As it can be so uncomfortable, dental pain often requires over-the-counter analgesics. Paracetamol is regularly a drug of choice: it is cheap, readily available and comes with minimal side effects. Despite being such a common and easily purchasable drug, accidental paracetamol overdose remains one of the highest causes of both acute liver failure and liver transplants in the UK.
Through a similar mechanism to non-steroidal anti-inflammatory drugs (NSAIDs) like aspirin and ibuprofen, paracetamol can relieve the symptoms of pain, fever and headaches. Though its route of action is less well understood than regular NSAIDs, it is accepted that paracetamol is able to inhibit pathways in the body that lead to the release of prostaglandins, the chemical attributed to these symptoms.
Adverse Effects of Paracetamol
Tooth ache is inflammatory in nature. The anti-inflammatory effect of paracetamol is not as potent as NSAIDs but comes with a lower incidence of gastro-intestinal bleeding, nausea and blood thinning. Despite this, it seems to work just as well as NSAIDs in treating inflammatory tooth ache, possibly due to the effect it has on the central nervous system (1).
Once taken into the body, paracetamol is mostly metabolised by the liver. Initially it is conjugated with glucuronic acid to allow it to be excreted by the kidneys but this pathway is limited and can be exhausted by as little as 8 tablets of paracetamol (1). The remaining drug is converted into a toxic by-product that quickly reacts with a molecule called glutathione so the two can be excreted harmlessly in the urine (2). However, once this final mechanism of protection is used up, the toxic by-product begins to damage the cells of the liver.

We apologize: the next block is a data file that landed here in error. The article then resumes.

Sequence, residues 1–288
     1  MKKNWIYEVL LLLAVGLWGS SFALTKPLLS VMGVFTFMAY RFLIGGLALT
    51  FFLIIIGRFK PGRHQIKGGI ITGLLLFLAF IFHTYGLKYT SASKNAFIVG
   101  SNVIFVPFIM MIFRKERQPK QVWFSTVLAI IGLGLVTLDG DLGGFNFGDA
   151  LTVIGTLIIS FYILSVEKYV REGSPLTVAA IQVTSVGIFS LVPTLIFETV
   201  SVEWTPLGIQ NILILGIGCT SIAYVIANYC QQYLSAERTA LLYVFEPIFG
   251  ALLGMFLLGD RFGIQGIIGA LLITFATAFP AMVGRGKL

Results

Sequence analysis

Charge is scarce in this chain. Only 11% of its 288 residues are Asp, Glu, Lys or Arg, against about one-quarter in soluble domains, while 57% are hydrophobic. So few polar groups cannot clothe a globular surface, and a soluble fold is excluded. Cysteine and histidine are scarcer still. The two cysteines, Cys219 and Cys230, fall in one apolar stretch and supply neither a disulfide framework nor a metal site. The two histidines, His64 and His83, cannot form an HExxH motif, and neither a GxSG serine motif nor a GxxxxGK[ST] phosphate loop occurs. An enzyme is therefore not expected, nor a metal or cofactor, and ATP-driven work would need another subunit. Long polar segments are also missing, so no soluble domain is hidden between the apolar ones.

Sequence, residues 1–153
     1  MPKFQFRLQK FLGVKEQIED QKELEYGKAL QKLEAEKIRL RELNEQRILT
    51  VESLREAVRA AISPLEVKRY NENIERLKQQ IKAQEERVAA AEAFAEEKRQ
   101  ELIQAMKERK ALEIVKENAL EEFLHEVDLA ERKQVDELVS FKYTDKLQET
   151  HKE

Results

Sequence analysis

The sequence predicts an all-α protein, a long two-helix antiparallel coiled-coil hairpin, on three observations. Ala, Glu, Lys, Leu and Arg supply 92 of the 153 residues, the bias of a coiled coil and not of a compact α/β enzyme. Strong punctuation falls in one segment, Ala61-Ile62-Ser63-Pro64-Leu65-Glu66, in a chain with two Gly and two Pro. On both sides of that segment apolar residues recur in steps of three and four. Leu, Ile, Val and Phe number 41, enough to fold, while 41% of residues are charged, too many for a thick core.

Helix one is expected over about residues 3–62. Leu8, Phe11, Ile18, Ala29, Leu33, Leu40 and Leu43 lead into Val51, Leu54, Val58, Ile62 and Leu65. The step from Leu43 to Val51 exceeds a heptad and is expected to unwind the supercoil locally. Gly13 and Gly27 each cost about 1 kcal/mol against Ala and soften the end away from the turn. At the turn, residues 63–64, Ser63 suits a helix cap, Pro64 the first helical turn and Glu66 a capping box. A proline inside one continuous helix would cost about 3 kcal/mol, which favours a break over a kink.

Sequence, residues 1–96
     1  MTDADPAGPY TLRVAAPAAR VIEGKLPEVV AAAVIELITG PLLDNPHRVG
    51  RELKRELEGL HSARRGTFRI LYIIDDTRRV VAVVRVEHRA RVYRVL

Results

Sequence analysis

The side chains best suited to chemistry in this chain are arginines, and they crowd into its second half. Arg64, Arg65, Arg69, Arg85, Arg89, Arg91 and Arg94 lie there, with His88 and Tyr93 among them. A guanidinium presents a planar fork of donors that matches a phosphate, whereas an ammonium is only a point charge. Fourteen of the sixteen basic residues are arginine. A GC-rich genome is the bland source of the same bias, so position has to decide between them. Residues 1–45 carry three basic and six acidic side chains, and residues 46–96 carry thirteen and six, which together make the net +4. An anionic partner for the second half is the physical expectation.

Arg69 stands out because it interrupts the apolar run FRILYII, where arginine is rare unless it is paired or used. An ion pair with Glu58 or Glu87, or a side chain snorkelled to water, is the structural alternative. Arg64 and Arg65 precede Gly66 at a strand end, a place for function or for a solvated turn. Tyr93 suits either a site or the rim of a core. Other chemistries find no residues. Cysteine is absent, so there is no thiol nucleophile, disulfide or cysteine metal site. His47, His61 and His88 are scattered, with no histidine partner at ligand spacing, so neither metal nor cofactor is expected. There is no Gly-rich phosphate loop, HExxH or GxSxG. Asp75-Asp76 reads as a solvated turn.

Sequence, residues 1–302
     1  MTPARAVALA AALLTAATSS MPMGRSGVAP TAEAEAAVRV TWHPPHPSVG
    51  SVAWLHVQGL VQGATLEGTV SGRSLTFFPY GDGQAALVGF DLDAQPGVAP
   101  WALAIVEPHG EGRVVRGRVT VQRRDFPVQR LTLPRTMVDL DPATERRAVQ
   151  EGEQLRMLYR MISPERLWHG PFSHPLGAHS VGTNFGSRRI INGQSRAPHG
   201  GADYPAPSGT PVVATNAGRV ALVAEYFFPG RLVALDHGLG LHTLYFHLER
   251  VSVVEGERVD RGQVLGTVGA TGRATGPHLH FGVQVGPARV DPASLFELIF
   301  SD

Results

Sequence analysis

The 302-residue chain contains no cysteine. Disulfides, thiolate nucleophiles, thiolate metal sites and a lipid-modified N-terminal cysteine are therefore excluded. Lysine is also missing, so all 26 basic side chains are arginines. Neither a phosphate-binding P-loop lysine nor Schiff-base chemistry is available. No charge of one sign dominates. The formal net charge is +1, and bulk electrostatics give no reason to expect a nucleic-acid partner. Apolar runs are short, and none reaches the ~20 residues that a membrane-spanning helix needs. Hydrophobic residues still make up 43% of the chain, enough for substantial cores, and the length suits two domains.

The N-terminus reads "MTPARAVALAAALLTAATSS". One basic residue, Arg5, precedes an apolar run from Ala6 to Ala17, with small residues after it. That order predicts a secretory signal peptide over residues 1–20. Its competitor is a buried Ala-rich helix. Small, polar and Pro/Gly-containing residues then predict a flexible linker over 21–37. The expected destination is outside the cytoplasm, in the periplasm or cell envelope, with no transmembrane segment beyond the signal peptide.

Symptoms of paracetamol toxicity varies according to the time of presentation. Early presentation may often include nausea and vomiting; late presentation can show signs of jaundice, impaired consciousness and haemorrhage (2). The toxicity can be treated with acetyl-cysteine, which acts as a paracetamol antidote, but many people still die from paracetamol overdose due to late presentation (2). While incidence of accidental overdose is lower than non-accidental overdose, its mortality rate is often higher due to a decreased awareness about long-term damage and a later presentation in hospital (3).
Some people are more at risk of paracetamol toxicity than others; additional drugs being taken, such as anti-TB medication, and a number of conditions (particularly those damaging to the liver like hepatitis C) can all increase the risk. However, the two most dangerous risk factors in the average patient are often the belief that an over-the-counter drug is relatively harmless and how easy an overdose can be when paracetamol tablets are taken alongside paracetamol-containing medicaments like Lemsip, Night Nurse and Beechams.
The way forward with reducing the harm associated with paracetamol is through further patient education: a great number of people won’t read the precautions on drug instructions so the information needs to come from medical professionals (GPs and dentists) who see the patients taking these drugs and who often prescribe them. It is also the responsibility of professionals to identify the patients who are at a higher risk of paracetamol overdose due to their reliance on it for dental pain relief.
(1) Nayyer, N.V., Byers, J. and Marney, C. (2013) Identyfying adults at risk of paracetamol toxicity in the acute dental setting. BDJ. 216(5): 229-235
(2) Ferrer, R.E., Dear, J.W. and Bateman, N. (2011) Managing paracetamol overdose. BMJ. 342
(3) Craig, D.G., Bates, C.M., Davidson, J.S. et al (2011) Overdose pattern and outcome in paracetamol-induced acute severe hepatotoxicity. Br J Clin Pharmacol 71(2): 273-82